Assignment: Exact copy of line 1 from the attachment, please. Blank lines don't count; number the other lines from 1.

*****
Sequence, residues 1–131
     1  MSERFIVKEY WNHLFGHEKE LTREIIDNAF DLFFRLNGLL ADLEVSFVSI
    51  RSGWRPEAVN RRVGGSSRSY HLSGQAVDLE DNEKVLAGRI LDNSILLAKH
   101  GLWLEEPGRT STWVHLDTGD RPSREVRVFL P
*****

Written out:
Sequence, residues 1–131